Motorists forced to commute long distances to and from Al Gharbia say train links with urban areas would vastly improve their lives.
There has been talk of a passenger railway connecting to the greater Abu Dhabi area for years, but residents say the need for better transport links are stronger than ever.
The Etihad Rail project is being built, with the first 266 kilometres spanning to Al Gharbia. But the rail will be used only for carrying freight at first.
Mohammed Al Mazroui works for Abu Dhabu Municipality and lives in Al Gharbia.
“There are a lot of people I know, including me, that need this railway,” Mr Al Mazroui said. “This transport would be beneficial to the entire UAE and its people.
“We would be able to live where we want and work where we need without a second thought.”
He said the railway would serve the population of Al Gharbia and boost tourism.
“It’s a desert region,” Mr Al Mazroui said. “There’s a lot of development going on. We don’t exactly have the shopping malls and recreational buildings that Dubai and Abu Dhabi have, but we have a lot of culture and beautiful nature that people should see.”
He said a high-speed railway connecting Al Gharbia with the rest of region would be beneficial.
“My entire life was spent here. I was born and brought up in this land and it’s changing a lot, but now more so than ever,” Mr Al Mazroui said. “We feel like we need a connection to the development in Abu Dhabi and Dubai and that will help our own development.
“I never want to leave this area, this is where my family and home is, but if I want to think about the future. If I want to pursue my dreams, to make something big of myself, then I’d have to leave.”
Others have had to get used to the time-consuming trip to the cities.
Mohammed Fathy, a father of two, owns two flats: one in Sharjah where he spends his weekends; the other in Al Gharbia, where he works.
“If it did happen, I’d be saving a lot, both money and time,” Mr Fathy said. “But I have no other option but to travel if I want to be with my family.”
As manager in charge of granting government building permits, Mr Fathy spends weekends in Sharjah where he spent most of his adult life, but on Sunday mornings he and his wife and children drive 300km to Madinat Zayed.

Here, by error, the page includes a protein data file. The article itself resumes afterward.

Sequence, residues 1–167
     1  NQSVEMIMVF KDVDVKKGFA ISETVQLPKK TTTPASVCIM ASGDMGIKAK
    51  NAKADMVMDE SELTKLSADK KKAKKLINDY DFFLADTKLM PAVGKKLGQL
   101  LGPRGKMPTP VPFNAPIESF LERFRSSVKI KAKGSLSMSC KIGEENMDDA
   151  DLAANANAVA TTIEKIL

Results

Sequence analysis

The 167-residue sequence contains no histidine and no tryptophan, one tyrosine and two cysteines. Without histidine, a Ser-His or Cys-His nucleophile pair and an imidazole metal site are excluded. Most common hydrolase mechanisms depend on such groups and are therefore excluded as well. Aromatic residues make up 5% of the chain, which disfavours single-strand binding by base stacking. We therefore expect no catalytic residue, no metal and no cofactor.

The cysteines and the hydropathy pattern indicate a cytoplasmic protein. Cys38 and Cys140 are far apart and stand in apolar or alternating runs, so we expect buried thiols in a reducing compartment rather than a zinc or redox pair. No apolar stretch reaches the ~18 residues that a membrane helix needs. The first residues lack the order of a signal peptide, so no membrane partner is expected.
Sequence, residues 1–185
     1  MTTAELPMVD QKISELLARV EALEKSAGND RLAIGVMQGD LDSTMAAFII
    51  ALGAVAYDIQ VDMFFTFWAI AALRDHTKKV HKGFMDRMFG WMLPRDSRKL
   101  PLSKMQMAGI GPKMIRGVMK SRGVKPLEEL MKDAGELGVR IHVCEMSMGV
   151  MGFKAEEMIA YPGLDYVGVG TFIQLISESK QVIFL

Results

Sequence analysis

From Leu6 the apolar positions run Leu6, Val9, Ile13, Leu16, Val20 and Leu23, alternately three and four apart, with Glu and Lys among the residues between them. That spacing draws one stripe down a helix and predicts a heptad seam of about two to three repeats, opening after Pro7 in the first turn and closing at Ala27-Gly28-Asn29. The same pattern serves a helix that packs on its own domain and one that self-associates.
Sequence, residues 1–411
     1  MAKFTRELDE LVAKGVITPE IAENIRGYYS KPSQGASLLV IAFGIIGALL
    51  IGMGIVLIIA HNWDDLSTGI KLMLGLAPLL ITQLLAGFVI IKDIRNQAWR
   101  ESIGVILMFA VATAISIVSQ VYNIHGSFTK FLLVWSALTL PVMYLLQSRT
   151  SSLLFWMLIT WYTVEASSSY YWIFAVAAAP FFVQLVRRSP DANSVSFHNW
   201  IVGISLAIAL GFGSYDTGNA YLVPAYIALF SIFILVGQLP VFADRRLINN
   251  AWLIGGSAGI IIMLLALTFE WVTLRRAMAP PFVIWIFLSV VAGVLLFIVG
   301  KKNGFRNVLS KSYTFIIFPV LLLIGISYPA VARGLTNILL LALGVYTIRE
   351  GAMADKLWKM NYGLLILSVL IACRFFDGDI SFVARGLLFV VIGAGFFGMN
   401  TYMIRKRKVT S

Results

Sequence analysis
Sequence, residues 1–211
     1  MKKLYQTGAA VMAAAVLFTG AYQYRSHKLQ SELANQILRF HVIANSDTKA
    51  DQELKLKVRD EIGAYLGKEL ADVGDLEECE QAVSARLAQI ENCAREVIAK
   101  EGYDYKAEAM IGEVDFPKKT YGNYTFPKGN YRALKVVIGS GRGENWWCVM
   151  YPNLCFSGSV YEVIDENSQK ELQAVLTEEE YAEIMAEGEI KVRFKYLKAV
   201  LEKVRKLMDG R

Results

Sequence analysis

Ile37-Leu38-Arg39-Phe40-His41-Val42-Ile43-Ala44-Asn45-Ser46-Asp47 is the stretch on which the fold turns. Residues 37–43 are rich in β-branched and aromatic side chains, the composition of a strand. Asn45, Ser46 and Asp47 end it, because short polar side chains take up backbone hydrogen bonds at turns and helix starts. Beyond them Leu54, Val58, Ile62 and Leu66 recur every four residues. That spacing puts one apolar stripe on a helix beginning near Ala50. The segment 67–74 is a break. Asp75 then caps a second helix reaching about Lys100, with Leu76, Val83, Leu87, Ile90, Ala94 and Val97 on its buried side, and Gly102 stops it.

“Now we have to go through a tiring process waking up at 4am and making the commute. However, installing a railway would make our lives so much better,” he said.
Mr Fathy said a high-speed railway would mean he could sell one of his flats.
“My kids are young, just 4 and 2 years old, but soon enough they will be enrolled in school and their lives will be very difficult if I have to constantly be making this trip with them,” he said.
“Hopefully by that time they will have installed the railway.”
Saeed Murdef has his own reason for wanting a rail link to Al Gharbia – he collects too many traffic fines in his three-hour commute to Dubai.
“Sometimes the cost of my speeding tickets is more than my allowance,” said Mr Murdef, 26, who works at a customer service centre. “I know someone who had to take a loan out just to pay his fines.”
On weekends he drives to Dubai to attend classes for an international business administration degree.
“Of course we’d take the train, we’d take any other way to travel,” Mr Murdef. “We need this railway, it would help us out so much.
“I want to tell Etihad that you guys need to speed up. Help us and alleviate all the expenses and stress we have from all the commuting.”